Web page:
Poland has consistently been opposed to an EU ban on the sale of cars with internal combustion engines by 2035, said Polish Environment Minister Anna Moskwa while speaking at a conference on renewable energy in Brussels.
She said that in informal discussions, the number of voices that are skeptical of this reform is rising.
“Countries are waking up and beginning to realize that 2035 isn’t far away, especially smaller states, which as one can imagine will be flooded with foreign technologies, and their societies are beginning to understand the reality and the implications for them,” she said.
Moskwa hoped that the crescendo of such voices would be heard and that leaders in the EU would take notice. She said that she, for one, took every opportunity to argue that this reform was unrealistic and was relieved to see moves to enforce such a ban had been slowed.
“Any delay in the implementation of this would be good news. We will gladly build a coalition opposed to this,” she added.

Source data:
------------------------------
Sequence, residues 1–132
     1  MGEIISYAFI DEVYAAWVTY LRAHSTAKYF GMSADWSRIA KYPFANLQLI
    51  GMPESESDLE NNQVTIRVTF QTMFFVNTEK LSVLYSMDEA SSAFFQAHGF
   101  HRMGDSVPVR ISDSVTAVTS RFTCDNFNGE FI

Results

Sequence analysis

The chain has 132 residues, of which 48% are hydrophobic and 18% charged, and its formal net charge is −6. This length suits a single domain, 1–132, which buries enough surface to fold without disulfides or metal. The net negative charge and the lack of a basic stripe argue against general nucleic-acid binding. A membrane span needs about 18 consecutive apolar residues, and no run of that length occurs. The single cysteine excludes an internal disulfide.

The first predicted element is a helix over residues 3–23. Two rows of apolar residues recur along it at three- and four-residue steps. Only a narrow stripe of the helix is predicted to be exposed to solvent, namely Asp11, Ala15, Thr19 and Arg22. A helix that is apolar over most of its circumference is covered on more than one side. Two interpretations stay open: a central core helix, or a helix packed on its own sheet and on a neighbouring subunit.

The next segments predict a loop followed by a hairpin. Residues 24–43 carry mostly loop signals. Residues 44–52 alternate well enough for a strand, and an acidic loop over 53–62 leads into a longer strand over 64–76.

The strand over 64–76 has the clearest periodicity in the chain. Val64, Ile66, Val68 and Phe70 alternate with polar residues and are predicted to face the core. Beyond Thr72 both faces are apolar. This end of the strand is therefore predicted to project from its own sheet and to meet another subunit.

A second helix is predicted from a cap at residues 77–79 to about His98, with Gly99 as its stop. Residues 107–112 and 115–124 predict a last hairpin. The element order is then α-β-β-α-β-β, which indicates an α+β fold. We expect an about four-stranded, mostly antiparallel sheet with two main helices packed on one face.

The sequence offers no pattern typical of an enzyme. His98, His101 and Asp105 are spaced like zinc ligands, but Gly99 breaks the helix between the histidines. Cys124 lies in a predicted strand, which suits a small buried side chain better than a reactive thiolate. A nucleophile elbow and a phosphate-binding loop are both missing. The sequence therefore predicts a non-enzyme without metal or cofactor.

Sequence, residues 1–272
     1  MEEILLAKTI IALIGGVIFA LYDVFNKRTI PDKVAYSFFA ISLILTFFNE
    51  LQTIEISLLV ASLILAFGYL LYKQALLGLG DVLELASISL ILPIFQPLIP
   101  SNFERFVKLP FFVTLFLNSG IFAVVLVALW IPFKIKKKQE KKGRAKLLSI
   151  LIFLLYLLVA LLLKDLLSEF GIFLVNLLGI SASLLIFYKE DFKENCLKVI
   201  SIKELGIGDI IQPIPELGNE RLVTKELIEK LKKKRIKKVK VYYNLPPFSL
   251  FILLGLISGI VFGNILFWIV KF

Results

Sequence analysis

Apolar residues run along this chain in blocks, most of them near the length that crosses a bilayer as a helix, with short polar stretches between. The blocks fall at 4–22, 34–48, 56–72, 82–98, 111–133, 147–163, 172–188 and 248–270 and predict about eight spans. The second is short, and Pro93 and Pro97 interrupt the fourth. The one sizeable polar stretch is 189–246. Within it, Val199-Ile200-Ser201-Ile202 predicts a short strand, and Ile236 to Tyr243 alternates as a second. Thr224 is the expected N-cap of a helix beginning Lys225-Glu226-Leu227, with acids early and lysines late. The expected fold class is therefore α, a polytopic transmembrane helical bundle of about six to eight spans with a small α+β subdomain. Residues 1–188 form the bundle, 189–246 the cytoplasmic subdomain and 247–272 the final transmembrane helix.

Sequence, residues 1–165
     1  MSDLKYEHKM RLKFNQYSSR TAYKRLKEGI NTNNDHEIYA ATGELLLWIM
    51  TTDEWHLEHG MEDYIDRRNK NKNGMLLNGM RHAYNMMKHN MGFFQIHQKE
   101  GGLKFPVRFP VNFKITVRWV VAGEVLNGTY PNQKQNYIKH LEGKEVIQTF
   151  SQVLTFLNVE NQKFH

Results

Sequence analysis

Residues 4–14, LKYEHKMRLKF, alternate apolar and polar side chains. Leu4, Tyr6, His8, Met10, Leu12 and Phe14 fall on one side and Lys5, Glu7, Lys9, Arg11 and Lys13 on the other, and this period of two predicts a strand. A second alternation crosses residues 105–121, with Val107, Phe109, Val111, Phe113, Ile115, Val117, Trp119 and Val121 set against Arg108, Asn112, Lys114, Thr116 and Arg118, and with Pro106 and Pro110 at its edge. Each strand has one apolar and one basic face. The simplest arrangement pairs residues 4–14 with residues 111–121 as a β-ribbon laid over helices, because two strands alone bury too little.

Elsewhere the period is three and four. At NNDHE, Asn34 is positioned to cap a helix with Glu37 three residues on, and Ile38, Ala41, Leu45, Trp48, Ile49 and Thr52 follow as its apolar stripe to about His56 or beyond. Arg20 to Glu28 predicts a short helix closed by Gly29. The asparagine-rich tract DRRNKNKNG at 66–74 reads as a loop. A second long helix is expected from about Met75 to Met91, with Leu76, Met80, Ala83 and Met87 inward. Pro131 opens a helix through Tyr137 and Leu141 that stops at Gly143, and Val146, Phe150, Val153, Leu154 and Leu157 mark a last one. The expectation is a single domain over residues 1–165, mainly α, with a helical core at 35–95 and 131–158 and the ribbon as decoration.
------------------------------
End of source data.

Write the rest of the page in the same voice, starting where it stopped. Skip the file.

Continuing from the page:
The Polish environment minister was also uncertain whether the new German position that has blocked the directive was helpful.
“Today, this proposed directive includes the ban on registering new cars with internal combustion engines after 2035. Germany proposes a change in this definition so that cars with combustion engines that run on synthetic or biofuels are exempt.” In the minister’s opinion, “the discussion is about combustion engine cars and not about other technologies.”
In her view, Germany was not interested in banning internal combustion engines entirely, but instead, the country wants to redefine what an internal combustion engine actually means.
Moskwa said she hopes that the proposal to stop the sale of cars with internal combustion engines by 2035 will be scrapped. She said that Poland will back any coalition that can achieve this goal.